Adhering to label legislation
Working with potentially hazardous substances is an ever-present risk in a lab and a threat safeguarded against with specialist equipment, protective clothing and vigilant storage of chemicals in a properly maintained stockroom. Correct labelling of materials is crucial to careful handling.
James Killerby spells out labelling legislation and what to look for when commissioning labels.
There is no national register of laboratory accidents but, anecdotally, most are caused by unexpected chemical reactions or by faulty or mishandled equipment. Mishaps generated by poor labelling go unrecorded but present a real danger. Chemical classification that highlights the intrinsic hazard of a substance is a fundamental part of the safe management, handling and use of chemicals and there is a legal obligation to do so accurately.
The legislation relating to correct labelling is complex, changes frequently and there are a wide variety of regulations and laws to take into consideration. There are, amazingly, 22 separate pieces of EU legislation which refer to the Dangerous Substances Directive and the Dangerous Preparations Directive, but universally recognised symbols are all that most of us need to know. The use of symbols to give immediate recognition of hazards provides scientists with a powerful tool against error.
The new European CLP Regulation (Classification, Labelling and Packaging of Substances and Mixtures) for hazardous chemicals came into force in January 2009. Companies had until December 2010 to ensure that any labels for single substances were updated to the new regulations and, by June 2015, must do the same for mixtures.
CLP has introduced new hazard pictograms in the shape of a red diamond with a white background, which will gradually replace the familiar old orange square hazard symbols which applied under the former CHIP (Chemicals Hazard Information and Packaging for Supply) legislation. Some substances and mixtures have already been labelled according to the new legislation, but the old pictograms can still legally appear on the market until June 2017.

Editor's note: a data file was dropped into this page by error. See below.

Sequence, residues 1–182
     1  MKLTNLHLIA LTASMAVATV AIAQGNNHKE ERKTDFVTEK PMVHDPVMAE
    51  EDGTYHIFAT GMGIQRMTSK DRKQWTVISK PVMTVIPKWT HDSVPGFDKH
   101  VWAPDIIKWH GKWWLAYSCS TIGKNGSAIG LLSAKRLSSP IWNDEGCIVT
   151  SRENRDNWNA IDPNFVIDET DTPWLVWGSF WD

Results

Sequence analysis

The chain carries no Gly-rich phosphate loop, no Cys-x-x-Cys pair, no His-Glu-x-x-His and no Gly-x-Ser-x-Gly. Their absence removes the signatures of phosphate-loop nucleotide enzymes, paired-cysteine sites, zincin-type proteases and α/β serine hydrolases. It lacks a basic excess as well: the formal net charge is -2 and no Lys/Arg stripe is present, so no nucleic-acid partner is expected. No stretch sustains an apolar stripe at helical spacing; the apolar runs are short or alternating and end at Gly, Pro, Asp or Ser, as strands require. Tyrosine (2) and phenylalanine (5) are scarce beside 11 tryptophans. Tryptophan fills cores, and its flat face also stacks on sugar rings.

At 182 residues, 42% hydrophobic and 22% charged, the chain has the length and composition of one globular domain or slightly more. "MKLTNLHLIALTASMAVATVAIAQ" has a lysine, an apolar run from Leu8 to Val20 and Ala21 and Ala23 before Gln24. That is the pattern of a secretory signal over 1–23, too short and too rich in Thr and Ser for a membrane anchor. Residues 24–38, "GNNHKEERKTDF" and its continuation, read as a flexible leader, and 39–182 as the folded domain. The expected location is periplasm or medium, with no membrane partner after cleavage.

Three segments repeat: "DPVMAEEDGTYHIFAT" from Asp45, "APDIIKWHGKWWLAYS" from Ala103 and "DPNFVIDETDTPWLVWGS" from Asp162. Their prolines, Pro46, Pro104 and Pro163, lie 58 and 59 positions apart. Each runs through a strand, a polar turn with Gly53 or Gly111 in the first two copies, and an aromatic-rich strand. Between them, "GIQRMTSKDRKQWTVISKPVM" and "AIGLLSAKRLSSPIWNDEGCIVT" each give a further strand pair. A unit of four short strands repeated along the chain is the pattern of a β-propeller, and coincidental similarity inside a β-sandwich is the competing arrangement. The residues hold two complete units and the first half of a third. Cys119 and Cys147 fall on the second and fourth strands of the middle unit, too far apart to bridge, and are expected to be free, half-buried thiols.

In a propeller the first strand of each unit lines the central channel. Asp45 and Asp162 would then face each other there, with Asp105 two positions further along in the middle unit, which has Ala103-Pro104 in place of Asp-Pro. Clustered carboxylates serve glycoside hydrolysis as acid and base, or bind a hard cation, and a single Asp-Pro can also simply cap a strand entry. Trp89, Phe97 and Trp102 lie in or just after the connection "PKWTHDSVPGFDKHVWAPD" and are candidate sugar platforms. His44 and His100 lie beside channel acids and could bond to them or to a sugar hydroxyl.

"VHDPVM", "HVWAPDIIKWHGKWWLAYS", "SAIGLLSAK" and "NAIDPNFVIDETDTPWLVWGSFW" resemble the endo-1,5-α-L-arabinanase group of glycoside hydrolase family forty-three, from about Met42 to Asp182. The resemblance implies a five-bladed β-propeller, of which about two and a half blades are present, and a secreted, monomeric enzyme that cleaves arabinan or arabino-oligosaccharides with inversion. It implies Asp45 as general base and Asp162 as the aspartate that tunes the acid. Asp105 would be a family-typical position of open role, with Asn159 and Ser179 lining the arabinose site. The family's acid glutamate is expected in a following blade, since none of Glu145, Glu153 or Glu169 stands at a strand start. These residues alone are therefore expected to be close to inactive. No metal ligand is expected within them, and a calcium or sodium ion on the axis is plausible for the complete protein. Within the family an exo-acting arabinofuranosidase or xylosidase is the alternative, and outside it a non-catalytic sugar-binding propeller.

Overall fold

CHIP is the law that has applied to suppliers of dangerous substances and mixtures for many years and will continue to be applied to mixtures until their reclassification to CLP on 1st June 2015.
The new pictograms are in line with the United Nations Globally Harmonised System (GHS) which uses the same, easily recognisable symbols but which might have a different colour border or background. The UN GHS is not a formal treaty, but instead is a non-legally binding international agreement which is underpinned by legislation in countries or trading blocks – hence CLP for the EU.
If you are transporting chemicals, there is even more legislation and legal documentation to keep abreast of with different regulations for road, rail, air and sea. Air transport is dealt with by the ICAO (International Civil Aviation Organisation) Technical Instructions for the Safe Transport of Dangerous Goods by Air. Anyone transporting dangerous goods by air should also check the IATA (International Air Transport Association) Dangerous Goods Regulations as these contain additional requirements.